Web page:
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Azure Management Issues and Answers: Page 2 of 3

Managing applications in Azure requires mental flexibility and some rethinking. By James E. Gaskin
Reader ROI: 
AZURE MANAGEMENT is not a matter of harder or easier, but different; following cloud center of excellence guidelines can help.
BE AWARE that backups are more complex and Azure AD expertise is critical.
COSTS can be higher than expected, so prepare customers and provision carefully to maximize use.

Azure Active Directory expertise is an important part of management too. “AD experience with Microsoft 365 will give you a leg up,” says Boyd. Azure AD hasn’t quite reached feature parity with domain services on-prem, he adds, but there are features in Azure AD you don’t get on-prem.

Other vital resource categories such as monitoring server and application health, costs, and security become more important in Azure because they create vulnerabilities in the cloud if you don’t pay attention, adds Boyd. “Security levers and controls are easier in the cloud, but encrypting data at rest, key rotation, encrypting data channels, and the like must be done correctly, and in new ways.”

Victor Mushkatin

Mushkatin agrees, stressing the need for security policies. “Clients get a security bill every month and think they’re covered,” he explains, “but we see security challenges all over without security policies in place.” For instance, during a security assessment, he found a customer had configured 46 containers, and all were public. “You have to be secure by design on every level,” Mushkatin says.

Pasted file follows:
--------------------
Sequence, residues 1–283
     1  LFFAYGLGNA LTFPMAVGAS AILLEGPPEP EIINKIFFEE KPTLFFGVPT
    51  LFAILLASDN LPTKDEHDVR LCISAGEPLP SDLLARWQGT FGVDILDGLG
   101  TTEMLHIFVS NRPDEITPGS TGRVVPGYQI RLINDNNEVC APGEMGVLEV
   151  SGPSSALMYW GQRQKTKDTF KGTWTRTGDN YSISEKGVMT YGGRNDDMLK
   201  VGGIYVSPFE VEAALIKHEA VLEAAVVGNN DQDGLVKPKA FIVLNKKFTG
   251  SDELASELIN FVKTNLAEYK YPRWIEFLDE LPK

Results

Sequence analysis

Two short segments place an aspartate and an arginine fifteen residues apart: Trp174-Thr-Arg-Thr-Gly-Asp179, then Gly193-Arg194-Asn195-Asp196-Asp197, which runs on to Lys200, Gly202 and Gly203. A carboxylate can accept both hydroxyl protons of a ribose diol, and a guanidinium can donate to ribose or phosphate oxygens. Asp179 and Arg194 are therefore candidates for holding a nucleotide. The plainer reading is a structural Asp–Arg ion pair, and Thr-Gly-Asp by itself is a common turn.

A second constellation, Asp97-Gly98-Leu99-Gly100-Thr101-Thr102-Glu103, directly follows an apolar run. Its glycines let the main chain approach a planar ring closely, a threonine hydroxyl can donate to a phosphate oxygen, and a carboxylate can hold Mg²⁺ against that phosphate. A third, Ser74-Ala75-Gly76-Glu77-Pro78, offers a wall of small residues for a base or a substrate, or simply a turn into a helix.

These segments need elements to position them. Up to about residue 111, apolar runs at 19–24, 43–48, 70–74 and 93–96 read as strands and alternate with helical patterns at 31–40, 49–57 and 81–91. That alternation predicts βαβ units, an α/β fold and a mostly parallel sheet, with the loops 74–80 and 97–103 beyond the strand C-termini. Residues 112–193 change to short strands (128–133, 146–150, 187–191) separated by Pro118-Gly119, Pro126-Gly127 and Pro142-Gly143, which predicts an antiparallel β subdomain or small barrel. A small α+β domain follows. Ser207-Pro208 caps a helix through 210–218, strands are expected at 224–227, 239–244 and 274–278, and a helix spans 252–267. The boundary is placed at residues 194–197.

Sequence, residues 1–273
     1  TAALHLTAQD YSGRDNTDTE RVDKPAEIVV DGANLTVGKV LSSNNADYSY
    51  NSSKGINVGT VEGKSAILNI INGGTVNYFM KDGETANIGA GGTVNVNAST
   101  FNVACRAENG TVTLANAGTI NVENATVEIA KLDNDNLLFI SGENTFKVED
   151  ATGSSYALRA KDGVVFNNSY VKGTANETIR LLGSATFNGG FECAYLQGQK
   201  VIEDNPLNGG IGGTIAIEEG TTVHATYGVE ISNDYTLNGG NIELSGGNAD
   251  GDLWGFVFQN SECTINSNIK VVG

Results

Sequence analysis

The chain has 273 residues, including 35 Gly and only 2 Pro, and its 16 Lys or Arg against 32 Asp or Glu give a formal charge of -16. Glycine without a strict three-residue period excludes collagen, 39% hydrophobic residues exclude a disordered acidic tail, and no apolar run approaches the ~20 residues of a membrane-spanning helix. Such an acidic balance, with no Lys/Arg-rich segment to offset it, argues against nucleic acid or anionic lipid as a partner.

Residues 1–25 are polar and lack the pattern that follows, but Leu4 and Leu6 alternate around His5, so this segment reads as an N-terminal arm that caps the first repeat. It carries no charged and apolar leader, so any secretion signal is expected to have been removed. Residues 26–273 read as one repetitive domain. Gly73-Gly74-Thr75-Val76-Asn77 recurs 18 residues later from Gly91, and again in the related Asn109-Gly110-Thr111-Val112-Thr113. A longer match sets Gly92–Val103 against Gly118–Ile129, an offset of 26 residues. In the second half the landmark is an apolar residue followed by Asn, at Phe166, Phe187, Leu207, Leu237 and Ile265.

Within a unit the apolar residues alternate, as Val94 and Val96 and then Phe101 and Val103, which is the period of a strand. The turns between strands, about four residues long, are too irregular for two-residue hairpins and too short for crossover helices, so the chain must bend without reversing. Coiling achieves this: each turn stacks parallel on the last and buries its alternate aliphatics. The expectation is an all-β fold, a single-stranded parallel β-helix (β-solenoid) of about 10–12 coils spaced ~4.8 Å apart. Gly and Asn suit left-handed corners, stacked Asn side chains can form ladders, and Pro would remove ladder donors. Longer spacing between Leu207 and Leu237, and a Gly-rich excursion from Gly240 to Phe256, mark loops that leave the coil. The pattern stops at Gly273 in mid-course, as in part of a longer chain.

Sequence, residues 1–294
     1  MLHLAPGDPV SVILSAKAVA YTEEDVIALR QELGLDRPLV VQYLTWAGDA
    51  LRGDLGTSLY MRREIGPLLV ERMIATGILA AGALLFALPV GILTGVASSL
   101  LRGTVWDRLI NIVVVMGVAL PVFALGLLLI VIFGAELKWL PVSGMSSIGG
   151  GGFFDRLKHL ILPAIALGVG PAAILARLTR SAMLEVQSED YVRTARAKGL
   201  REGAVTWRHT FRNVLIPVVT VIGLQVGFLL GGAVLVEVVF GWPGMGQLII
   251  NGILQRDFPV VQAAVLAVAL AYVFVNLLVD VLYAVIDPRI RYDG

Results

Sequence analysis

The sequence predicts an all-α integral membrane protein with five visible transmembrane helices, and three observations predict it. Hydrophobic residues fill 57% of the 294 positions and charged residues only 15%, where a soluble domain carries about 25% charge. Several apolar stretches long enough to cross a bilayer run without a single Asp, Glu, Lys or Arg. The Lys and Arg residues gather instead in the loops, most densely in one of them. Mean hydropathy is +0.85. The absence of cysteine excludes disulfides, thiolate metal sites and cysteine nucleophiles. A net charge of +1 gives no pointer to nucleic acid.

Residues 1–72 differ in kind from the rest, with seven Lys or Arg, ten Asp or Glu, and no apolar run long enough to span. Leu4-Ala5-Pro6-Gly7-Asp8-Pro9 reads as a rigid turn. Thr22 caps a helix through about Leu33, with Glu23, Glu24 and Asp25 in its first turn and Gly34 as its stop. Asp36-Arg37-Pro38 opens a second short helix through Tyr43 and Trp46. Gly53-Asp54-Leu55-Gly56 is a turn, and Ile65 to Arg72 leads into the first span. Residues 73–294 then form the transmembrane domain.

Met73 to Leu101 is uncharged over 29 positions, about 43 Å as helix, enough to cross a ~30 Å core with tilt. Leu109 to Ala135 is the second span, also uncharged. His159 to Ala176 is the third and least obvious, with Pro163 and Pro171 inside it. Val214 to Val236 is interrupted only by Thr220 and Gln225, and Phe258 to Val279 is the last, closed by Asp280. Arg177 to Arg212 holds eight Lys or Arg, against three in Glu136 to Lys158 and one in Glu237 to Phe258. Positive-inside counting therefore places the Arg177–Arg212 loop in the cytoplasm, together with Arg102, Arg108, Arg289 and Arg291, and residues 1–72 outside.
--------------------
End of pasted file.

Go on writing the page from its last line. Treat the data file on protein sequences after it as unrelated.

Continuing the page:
The greater surface area for attack in the cloud makes security more complex, he continues. Even large organizations rarely have the muscle to govern security comprehensively because they started with a mesh of different approaches and tools. “Once you get everything on Azure management, you can see how inconsistent a customer’s security configuration was,” says Mushkatin.

Critical security-related resource management tasks for Katikaneni include selecting the correct architecture to integrate your on-prem environment with the cloud, and paying attention to where people store things when configuring your backup process. Without controls, users spread files between various servers.

Cost Considerations

Boyd still finds he must educate customers on the misconception that moving to the cloud will automatically save them money. Savings are possible, he notes, but not for the main value propositions of the cloud, which are time to market, ability to configure the right service for the right job, compliance certification, and security across multiple regions. In fact, he says, you may spend more.

Costs are a hot button for all customers, and mistakes in Azure can slam your own bank account, says Mushkatin. “Before, you ordered hardware, you had to wait, and you had time to prepare properly. Now, you can click and have whatever you want. One client department had six replicas rather than two, and it cost them $10k per month.” Another of his customers forgot to change the verbosity setting on a log report and generated terabytes of useless data during a stress test. “It’s a pay-as-you-go model with easy acquisition, and you can waste a lot of money,” Mushkatin notes.

About the Author

James E. Gaskin's picture

JAMES E. GASKIN is a ChannelPro contributing editor and former reseller based in Dallas.

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